they can
> emit
> >> row
> >> >> > IDs
> >> >> > > > in arbitrary order. Before I go off and build an index
that
> >> relies on
> >> >> > > this
> >> >> > > > behaviour, I'd like to get a sense of how likely it
is to
> exist in
> >> >> > future
> >> >> > > > versions of Accumulo.
> >> >> > > >
> >> >> > > > I'd like to build an index like this (hopefully the
ascii comes
> >> >> > through,
> >> >> > > if
> >> >> > > > not check here <
> >> >> https://gist.github.com/anonymous/1a64114da4b68a2ec822
> >> >> > > >):
> >> >> > > >
> >> >> > > >
> >> >> > > >  row   | cf  | cq                | val
> >> >> > > > -------------------------------------------------
> >> >> > > >  p0    | i   | (prop_a, 7, r15)  | 1
> >> >> > > >  p0    | i   | (prop_a, 8, r8)   | 1
> >> >> > > >  p0    | i   | (prop_a, 9, r19)  | 1
> >> >> > > > [...snip...]
> >> >> > > >  p0    | d   | (r8, prop_a)      | 8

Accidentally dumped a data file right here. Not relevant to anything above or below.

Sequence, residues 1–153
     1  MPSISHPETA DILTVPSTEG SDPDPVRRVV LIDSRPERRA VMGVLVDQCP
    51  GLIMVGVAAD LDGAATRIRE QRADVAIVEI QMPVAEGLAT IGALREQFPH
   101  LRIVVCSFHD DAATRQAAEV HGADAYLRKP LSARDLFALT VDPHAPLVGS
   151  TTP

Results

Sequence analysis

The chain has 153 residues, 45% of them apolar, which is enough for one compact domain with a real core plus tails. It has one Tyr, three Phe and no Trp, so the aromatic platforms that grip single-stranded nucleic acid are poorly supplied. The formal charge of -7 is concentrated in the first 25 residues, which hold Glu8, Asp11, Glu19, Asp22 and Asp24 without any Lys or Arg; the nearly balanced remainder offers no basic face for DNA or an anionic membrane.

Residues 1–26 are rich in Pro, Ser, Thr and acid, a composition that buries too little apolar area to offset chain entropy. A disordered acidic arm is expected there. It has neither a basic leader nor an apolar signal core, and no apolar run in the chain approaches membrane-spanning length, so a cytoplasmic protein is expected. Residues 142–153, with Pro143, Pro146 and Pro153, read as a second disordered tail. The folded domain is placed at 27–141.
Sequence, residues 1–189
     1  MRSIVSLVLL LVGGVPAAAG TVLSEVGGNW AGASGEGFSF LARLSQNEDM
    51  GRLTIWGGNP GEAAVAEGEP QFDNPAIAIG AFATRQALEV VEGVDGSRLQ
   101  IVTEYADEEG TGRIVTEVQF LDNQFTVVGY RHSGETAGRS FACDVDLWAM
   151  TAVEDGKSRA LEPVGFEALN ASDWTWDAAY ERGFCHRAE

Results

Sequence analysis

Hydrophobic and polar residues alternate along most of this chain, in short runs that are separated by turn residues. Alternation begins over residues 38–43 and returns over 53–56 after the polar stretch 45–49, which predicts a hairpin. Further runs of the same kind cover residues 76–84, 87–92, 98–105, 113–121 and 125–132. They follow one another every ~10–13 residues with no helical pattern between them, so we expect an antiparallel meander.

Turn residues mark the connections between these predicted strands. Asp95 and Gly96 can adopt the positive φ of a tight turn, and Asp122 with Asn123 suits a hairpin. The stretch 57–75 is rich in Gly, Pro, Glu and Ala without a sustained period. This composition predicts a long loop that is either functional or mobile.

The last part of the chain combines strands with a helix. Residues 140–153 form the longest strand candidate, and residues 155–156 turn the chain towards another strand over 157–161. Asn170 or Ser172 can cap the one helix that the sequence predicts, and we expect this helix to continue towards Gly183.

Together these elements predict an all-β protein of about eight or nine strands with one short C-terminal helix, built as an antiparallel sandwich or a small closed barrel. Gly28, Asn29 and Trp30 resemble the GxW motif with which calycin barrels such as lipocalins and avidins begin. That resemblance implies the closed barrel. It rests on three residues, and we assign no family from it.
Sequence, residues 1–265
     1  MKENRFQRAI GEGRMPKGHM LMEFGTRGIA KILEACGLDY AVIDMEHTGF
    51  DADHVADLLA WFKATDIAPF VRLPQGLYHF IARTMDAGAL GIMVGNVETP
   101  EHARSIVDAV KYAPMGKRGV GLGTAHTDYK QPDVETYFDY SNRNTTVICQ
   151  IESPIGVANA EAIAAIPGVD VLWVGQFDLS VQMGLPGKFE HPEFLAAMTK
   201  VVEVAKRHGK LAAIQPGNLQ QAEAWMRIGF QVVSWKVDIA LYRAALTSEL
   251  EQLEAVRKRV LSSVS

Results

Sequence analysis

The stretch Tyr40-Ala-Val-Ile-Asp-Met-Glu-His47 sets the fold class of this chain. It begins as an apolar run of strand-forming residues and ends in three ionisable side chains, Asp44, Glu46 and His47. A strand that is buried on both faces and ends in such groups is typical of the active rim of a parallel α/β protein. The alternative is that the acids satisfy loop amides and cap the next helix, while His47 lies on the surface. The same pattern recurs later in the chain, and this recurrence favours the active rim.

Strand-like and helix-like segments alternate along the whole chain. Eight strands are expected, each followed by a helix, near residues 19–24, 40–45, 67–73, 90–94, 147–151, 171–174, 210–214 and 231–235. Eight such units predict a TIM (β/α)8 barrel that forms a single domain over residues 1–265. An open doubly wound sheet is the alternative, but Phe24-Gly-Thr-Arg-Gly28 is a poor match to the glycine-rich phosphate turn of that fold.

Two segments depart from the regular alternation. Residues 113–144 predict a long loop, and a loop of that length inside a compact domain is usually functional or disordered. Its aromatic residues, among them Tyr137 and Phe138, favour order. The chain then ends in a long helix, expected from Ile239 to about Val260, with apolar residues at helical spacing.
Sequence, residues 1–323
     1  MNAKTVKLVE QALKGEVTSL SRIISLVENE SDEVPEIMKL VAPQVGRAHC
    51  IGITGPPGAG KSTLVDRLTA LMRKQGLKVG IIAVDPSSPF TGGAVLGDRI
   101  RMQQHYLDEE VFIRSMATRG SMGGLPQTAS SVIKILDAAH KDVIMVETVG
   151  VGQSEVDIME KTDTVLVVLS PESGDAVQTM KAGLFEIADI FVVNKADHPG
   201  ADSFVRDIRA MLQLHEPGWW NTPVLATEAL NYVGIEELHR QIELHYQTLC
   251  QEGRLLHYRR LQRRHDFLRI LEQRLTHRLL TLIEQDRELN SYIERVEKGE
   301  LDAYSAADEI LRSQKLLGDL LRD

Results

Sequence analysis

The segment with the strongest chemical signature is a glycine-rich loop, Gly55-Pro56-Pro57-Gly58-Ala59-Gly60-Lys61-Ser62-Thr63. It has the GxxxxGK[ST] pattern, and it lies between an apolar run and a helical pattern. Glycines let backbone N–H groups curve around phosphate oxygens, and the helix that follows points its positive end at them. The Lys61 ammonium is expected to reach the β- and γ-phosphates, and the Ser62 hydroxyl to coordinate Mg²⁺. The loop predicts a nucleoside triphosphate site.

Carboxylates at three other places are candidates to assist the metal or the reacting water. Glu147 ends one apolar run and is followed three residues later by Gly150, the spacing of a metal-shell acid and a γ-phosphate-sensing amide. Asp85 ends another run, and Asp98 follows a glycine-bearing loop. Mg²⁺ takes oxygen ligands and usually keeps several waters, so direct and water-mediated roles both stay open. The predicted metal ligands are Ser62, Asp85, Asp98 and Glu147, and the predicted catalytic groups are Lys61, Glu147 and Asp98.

> >> >> > > >  p0    | d   | (r8, prop_b)      | hello, world
> >> >> > > >  p0    | d   | (r15, prop_a)     | 7
> >> >> > > >  p0    | d   | (r15, prop_b)     | just testing
> >> >> > > >  p0    | d   | (r19, prop_a)     | 9
> >> >> > > >  p0    | d   | (r19, prop_b)     | something else
> >> >> > > >
> >> >> > > > Which is a pretty conventional partitioned index. I'd
like to
> be
> >> able
> >> >> > to
> >> >> > > > issue a query like, "Tell me about prop_b for all documents
> where
> >> >> > prop_a
> >> >> > > <
> >> >> > > > 9" but I'm pretty sure that the only way this could
work at
> scale
> >> is
> >> >> if
> >> >> > > > it's OK for the iterator to return (p0, r15, prop_b,
"just
> >> testing")
> >> >> > > > followed by (p0, r8, prop_b, "hello, world").
> >> >> > > >
> >> >> > > > This works today - if you folks see any flaws in my
reasoning
> >> please
> >> >> > let
> >> >> > > me
> >> >> > > > know - my question is, do you see this as functionality
that
> >> should
> >> >> be
> >> >> > > > preserved in the future?
> >> >> > > >
> >> >> > > > Thanks,
> >> >> > > > -Russ
> >> >> > > >
> >> >> > >
> >> >> >
> >> >>
> >>
>

Mime
  • Unnamed multipart/alternative (inline, None, 0 bytes)
View raw message